In 2001, a film called A.I. Artificial Intelligence (https://en.wikipedia.org/wiki/A.I._Artificial_Intelligence) was released. A.I. is unique in that it’s one of the few films directed by the illustrious Steven Spielberg to have received a mixed reception. I would argue that the film’s polarizing effect is in large part due to the subject matter. A.I. is the story of a robotic boy, named David. David has been programmed to love. In order to test his capabilities, David is adopted by a couple whose biological son is very ill and has a poor prognosis. There are hiccups along the way, but David in time becomes a part of the family, establishing a particularly strong bond with the mother.
Unfortunately, good times don’t last. Unforeseen events and misunderstandings, eventually pull David away from his adopted family, and force him on a journey to find true acceptance and unconditional love. A.I. is an examination of human nature. Our limitations and fallbacks. The film is also a reminder that there are mysteries in the world that may never be solved, and we must come to terms with that. In my opinion, it’s a wonderful film.
Shifting focus to the realities of present-day, there are countless examples of how we interact with and rely on artificial intelligence in our daily lives. From roombas and social media algorithms, to self-driving cars and virtual assistants, AI technology has had a massive cultural impact. And as we look towards the future, it is easy to visualize a gradual evolution from AI machines with purely robotic presentations (metallic hardware, stiff movements, computerized voices) to mechanisms possessing human-like qualities, walking among us, indecipherable from real people. The idea of it is both fascinating and slightly unsettling. I’m sure some would view the introduction of humanoid machines as an exciting advancement and would rejoice at the technological possibilities. While in others, such innovation would arouse fear and suspicion for very legitimate reasons. It’s dicey territory. Yet it’s a possibility we may be inching closer towards.
That rather long preface leads us to a discussion of Kazuo Ishiguro’s brilliant novel, Klara and The Sun. Similar to the film, A.I., this story is told from the perspective of the artificially- intelligent machine, Klara. Klara’s official title is “AF” or “artificial friend.” When the reader is first introduced to Klara, she is among other AFs, housed in a store awaiting purchase. At times, she’s on display in the front window. And from this prized position, Klara is able to exert her exceptional observational skills. She takes note of her surroundings. The nourishing Sun, as it makes its daily trek through the sky, shifting light and shadow. The taxis crowding the streets. The people milling about on the sidewalks and in the store itself. As Klara observes, her knowledge of the world increases, as does her understanding of human behavior.
Later, Klara develops a connection with a young girl who often watches her through the window of the store. Klara is warned against such attachments, as human children can be fickle in their preferences. But in this case, the sentiment is genuine, and Klara is eventually purchased by the smitten young girl and her less-than-enthused mother. Klara is programmed to provide comfort, support, and companionship to her human friend. However, as family secrets unravel, Klara’s ultimate purpose becomes more complicated and fraught. In time, circumstances will require that Klara access abilities that lie far beyond those she has been programmed with. And in the end, this experience will teach Klara what it means to truly sacrifice for those we love.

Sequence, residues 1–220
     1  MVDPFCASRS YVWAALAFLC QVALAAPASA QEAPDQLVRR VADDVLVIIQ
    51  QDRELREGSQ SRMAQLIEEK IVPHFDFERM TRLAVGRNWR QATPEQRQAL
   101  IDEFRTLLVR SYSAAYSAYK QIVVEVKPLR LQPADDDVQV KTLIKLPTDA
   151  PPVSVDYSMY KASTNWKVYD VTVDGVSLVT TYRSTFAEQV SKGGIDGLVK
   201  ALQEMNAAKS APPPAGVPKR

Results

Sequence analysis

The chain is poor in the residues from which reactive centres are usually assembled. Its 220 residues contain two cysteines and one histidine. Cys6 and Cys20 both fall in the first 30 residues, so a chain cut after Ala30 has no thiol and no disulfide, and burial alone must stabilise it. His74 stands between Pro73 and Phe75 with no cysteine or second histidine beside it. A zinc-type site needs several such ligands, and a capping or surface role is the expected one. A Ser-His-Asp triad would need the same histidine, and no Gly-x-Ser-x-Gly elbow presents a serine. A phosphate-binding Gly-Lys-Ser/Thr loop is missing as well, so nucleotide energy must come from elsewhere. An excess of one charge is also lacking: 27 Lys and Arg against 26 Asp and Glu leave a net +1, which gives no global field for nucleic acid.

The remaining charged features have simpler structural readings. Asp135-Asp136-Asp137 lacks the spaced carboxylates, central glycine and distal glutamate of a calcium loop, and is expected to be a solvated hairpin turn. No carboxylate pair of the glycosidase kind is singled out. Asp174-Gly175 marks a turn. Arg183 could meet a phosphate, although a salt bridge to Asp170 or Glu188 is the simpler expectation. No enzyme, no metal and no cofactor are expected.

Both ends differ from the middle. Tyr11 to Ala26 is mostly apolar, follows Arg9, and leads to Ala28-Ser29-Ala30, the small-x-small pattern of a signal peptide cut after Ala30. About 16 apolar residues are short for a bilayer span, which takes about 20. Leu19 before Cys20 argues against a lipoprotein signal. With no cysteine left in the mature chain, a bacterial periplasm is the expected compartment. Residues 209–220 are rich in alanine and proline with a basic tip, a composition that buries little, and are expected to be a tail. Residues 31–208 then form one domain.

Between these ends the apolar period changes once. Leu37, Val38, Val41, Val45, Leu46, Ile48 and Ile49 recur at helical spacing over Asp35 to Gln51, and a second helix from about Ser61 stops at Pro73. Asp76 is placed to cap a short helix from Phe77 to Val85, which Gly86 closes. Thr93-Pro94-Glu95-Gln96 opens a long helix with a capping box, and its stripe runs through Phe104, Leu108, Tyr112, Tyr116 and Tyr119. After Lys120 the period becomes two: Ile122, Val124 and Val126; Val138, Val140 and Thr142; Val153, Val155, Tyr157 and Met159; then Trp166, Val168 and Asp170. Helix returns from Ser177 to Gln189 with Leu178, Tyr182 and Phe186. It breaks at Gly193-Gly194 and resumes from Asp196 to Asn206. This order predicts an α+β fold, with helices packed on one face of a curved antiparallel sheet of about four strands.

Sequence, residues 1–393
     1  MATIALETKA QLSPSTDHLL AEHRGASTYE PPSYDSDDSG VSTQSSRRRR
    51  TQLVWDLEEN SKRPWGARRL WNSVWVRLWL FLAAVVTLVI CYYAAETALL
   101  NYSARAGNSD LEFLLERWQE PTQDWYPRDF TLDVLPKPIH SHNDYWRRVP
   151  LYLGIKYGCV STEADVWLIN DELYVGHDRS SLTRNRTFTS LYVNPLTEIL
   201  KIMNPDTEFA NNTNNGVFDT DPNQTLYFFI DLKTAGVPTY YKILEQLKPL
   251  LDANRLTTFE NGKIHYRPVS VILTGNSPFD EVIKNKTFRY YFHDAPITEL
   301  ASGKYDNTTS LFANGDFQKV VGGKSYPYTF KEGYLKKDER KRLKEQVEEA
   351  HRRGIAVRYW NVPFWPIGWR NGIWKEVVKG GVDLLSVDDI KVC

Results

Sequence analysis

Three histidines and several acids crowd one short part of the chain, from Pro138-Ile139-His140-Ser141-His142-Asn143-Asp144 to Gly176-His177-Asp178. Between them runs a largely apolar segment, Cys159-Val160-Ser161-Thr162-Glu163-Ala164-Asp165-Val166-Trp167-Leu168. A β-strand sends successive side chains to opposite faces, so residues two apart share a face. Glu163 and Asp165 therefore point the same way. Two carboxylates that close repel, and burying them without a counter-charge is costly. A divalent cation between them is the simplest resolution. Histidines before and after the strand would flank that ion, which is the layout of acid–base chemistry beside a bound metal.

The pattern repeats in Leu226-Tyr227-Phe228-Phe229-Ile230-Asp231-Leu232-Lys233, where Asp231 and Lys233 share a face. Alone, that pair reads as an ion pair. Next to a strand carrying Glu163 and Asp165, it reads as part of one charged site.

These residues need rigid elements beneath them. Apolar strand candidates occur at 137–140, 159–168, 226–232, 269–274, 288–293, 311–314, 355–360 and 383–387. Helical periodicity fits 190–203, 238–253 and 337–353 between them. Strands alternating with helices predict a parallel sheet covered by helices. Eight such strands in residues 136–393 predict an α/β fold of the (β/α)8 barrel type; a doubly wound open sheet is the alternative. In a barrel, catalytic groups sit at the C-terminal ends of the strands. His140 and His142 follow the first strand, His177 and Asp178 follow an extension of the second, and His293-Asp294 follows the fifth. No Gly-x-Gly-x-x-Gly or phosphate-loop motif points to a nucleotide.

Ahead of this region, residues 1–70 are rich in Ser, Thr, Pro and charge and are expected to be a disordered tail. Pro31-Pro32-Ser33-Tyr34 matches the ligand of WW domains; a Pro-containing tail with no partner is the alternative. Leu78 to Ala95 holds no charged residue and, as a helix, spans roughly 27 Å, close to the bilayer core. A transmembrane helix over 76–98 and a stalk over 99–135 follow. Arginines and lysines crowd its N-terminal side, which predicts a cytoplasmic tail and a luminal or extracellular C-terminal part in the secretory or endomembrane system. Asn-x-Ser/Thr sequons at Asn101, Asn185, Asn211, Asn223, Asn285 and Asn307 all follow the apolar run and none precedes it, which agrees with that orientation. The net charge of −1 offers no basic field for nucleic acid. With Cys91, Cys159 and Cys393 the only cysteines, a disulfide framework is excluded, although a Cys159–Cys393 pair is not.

Klara and The Sun is a beautiful novel. It explores the concepts of faith, duty, and sacrifice in a unique way. Ishiguro expertly creates an unusual coming-of-age story involving a robot learning to navigate the often thorny landscape of human relationships and behaviors. We witness these scenes of misunderstandings and false steps that occur as Klara acclimates to the outside world. These stumbles are at times met with frustration and anger by her human counterparts. As a result, it’s hard not to sympathize with Klara. From the readers’ vantage point, we understand that no matter how confounding the situation is, Klara’s intentions are always pure and are in service to her human friend.
This novel also brings to mind the ways in which we assign worth to machines, or for that matter, any consumer product. We buy things (sometimes as a symbol of status). And once that object is no longer of use to us, we toss it, and upgrade to the newest model. What does that, if anything, say about us? I guess at the end of the day, it’s your money. You can do what you want with it. But in a scenario, like the one presented in Klara and The Sun, the answers become more slippery. Ishiguro posits a near future in which humanoid machines exist with advanced degrees of emotional intelligence, even possessing what one might describe as a “soul.” Is that a machine you could just toss out with the rest of the trash, when you’re done with it?
Kazuo Ishiguro is one of my favorite writers. I remember years ago reading Remains Of The Day (https://en.wikipedia.org/wiki/The_Remains_of_the_Day), and just being in complete awe of his use of language, as well as his profound understanding of the human condition. The same can be said of my experience with Klara and The Sun. Ishiguro creates these incredible moments of truth. Moments that are startling and poignant. And although the truth may not be pretty, he still somehow manages to leave enough room for grace. Ishiguro is a true master of his craft.
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